Filed under: Africa | Tags: African Union, Al Shabab, Capitalism, Captialist Powers, Ethiopia, Ethiopian Forces, Ethiopian Occupation, Ethiopian Regime, Ethiopian Troops, Foreign Capital, Horn of Africa, Islamic Courts Union, Middle East, Mogadishu, Occupation, Piracy, Pirates, President Abdullahi Yusuf, Puntland, Self-Determination, Shipping Lanes, Somalia, Somaliland, Transitional Federal Government, Troop Pull-Out, Washington, Western-Backed Occupation
* * * * *
21 January 2009
Struggle for Self-Determination Not Over
The last Ethiopian troops in Somalia left Jan. 15, ending a two-year occupation. The hatred of the occupation was on full display when the pullout began just two days earlier, as hundreds of Somalis lined the route of the retreating military forces and cheered their departure.
Ethiopian troops invaded and occupied Somalia in 2007 at the behest of Washington. U.S. officials were alarmed that the government they backed, known as the Transitional Federal Government, was at risk of collapsing.
The TFG is a collection of various warlords who had been ripping Somalia apart since 1991, following the collapse of the last effective central government. The TFG, however, had no ability to govern, and was mired by internal rows.
Starting in 2006, the Islamic Courts Union—an umbrella group of Islamic organizations—swept across the country and seized effective control away from the U.S.-backed TFG. Using the war on terror as a smokescreen, Washington responded with air strikes on Somalia, and urged the Ethiopian forces to invade and prop up the TFG. The Ethiopian regime complied.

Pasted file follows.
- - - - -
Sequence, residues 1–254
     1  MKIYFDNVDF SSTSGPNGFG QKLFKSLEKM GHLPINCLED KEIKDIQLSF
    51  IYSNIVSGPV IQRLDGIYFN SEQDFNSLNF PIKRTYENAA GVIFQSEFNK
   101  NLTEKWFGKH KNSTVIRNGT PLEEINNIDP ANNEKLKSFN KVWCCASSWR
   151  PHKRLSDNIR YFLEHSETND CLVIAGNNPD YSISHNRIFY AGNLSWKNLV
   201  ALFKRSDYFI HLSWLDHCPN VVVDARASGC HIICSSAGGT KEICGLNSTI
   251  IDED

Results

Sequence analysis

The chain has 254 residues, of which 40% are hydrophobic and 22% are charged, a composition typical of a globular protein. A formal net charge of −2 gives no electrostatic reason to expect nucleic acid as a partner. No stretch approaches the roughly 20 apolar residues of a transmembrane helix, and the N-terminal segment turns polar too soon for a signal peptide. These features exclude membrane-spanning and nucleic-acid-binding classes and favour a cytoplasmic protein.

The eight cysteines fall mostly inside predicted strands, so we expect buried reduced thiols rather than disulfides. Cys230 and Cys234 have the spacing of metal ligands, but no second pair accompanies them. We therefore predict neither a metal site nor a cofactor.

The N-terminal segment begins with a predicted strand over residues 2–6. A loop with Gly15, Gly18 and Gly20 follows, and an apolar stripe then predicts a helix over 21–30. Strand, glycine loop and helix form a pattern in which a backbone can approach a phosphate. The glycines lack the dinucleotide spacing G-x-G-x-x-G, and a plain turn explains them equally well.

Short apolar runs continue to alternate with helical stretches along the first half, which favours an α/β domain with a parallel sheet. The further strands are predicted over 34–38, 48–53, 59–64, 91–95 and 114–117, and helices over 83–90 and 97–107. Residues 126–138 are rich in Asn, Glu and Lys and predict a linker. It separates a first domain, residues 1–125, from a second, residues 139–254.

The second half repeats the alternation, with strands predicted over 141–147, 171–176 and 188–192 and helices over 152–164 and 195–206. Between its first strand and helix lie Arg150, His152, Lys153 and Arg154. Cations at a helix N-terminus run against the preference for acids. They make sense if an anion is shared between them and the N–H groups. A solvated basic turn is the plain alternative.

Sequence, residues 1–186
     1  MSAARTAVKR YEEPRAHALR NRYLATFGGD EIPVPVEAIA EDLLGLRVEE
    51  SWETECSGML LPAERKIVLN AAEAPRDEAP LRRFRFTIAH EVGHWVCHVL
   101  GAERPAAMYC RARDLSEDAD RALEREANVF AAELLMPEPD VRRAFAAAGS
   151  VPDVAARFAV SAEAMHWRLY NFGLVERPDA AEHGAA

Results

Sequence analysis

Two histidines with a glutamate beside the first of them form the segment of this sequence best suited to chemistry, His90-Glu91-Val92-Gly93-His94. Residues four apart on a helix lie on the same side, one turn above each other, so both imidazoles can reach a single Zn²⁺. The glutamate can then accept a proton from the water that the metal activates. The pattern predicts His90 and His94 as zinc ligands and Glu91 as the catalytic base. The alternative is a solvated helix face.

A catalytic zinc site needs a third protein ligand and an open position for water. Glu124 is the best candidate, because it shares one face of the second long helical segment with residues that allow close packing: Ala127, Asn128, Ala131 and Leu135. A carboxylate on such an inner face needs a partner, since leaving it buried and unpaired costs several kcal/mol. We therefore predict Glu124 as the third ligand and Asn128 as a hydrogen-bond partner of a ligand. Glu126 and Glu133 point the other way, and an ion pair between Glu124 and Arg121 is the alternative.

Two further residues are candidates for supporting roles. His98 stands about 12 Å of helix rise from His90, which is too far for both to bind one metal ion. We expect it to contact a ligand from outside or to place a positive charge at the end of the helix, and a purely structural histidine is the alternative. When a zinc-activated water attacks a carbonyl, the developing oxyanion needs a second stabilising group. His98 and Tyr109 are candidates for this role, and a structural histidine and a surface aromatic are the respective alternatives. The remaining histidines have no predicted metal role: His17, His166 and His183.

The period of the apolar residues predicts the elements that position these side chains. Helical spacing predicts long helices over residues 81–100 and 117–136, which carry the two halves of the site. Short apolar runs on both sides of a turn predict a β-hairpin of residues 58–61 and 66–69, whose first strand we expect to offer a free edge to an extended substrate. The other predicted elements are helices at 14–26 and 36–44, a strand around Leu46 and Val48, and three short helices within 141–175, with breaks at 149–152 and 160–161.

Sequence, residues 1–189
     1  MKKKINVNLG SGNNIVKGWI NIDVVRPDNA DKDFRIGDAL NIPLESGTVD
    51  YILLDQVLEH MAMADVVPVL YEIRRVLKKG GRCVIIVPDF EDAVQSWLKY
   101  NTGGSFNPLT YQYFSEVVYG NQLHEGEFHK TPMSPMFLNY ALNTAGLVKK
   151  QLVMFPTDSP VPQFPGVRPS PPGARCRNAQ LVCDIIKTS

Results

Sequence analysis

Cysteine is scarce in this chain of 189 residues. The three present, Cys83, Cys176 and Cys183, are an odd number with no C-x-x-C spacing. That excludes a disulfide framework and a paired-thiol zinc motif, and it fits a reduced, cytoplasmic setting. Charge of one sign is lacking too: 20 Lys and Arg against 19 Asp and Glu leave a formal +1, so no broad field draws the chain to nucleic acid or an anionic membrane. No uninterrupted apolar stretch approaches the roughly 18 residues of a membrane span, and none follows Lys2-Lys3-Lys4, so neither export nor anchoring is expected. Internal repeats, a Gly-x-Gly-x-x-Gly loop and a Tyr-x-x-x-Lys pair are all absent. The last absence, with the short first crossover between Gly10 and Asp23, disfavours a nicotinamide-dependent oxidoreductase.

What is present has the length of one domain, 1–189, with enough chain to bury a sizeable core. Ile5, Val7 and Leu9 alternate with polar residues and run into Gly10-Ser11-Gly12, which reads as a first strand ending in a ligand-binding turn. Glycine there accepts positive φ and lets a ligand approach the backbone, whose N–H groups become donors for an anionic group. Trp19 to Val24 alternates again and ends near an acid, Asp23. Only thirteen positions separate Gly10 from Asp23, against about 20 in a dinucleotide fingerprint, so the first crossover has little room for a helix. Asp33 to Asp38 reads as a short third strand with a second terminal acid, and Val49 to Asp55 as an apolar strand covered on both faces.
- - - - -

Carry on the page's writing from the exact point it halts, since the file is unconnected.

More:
Somalia today consists of the small, self-governing region of Somaliland in the north, a semi-autonomous area known as Puntland in central region, and the larger territory still known as Somalia in the south. The country is located in the Horn of Africa, which sits next to major Middle Easter international shipping lanes of vital importance to Western capitalist in general and U.S. corporate interests in particular.
Those imperialist forces were not about to let the ICU displace the subservient TGF regime, despite the fact the ICU was the able to unify the country for the first time since 1991. Washington favors regimes that put up no resistance to its policies, and will go to great lengths to keep them in place.
The resistance to the Ethiopian occupation, however, was resilient. The various ICU groups gained in popularity and manpower, inflicting hundreds of casualties on the Ethiopian forces.
There is now a power vacuum in Somalia. The TFG government only controls pockets in Mogadishu, the capital, and Baidoa, where parliament sits—but even that slim hold is in danger. Forces loyal to the ICU and the more militant splinter group Al Shabab have taken over a number of installations left by the Ethiopians around the country, and had previously seized control of many towns. The TGF parliament is now trying to rule without President Abdullahi Yusuf, who resigned and moved backed to his native Puntland.
A small and somewhat ineffective African Union force still remains in Somalia. With Ethiopian forces out of the picture, Western capitalist governments are calling for the African Union presence to be strengthened. The war on terror and “piracy” will continue to be pretexts for at-will U.S. air and sea interventions in Somalia to bolster forces that will best accommodate the interests of foreign capital.
Washington and its allies created the situation now unfolding in Somalia through their aggressive intervention, which disrupted the first stable government in Somalia since 1991. The withdrawal of Ethiopia is an important step, but the only solution to the conflict is unhindered self-determination. The people of Somalia must be free to work out their internal affairs without interference from the U.S. government and its junior partners.